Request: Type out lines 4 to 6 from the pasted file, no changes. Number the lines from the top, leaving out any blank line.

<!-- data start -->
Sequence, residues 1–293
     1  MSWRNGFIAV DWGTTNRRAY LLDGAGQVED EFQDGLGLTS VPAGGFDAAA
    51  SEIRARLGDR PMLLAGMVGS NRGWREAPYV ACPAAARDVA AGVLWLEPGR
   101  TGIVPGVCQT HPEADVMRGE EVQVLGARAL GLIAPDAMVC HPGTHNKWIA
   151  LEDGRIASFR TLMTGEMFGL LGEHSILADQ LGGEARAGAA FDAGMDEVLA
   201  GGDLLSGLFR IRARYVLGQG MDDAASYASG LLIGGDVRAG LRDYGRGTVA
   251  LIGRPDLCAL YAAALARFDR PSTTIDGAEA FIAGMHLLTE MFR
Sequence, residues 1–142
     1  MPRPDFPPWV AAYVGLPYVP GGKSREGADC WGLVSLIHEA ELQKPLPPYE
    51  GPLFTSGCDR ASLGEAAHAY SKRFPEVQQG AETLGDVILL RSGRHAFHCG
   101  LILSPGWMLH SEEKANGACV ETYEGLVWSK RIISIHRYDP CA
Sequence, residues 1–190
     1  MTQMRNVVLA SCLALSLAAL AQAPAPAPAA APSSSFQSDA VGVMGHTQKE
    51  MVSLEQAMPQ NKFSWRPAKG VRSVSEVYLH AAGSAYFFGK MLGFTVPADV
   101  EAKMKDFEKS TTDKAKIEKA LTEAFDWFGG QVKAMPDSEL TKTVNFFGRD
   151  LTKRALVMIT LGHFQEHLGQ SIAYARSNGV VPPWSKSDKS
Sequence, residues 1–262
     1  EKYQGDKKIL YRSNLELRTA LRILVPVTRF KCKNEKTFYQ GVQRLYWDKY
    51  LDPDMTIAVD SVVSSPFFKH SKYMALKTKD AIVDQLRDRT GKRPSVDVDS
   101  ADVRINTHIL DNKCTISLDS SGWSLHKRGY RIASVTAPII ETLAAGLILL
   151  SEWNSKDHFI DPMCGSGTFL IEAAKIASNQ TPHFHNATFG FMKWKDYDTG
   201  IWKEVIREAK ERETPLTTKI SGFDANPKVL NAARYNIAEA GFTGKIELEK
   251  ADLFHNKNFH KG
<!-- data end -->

   101  TGIVPGVCQT HPEADVMRGE EVQVLGARAL GLIAPDAMVC HPGTHNKWIA
   151  LEDGRIASFR TLMTGEMFGL LGEHSILADQ LGGEARAGAA FDAGMDEVLA
   201  GGDLLSGLFR IRARYVLGQG MDDAASYASG LLIGGDVRAG LRDYGRGTVA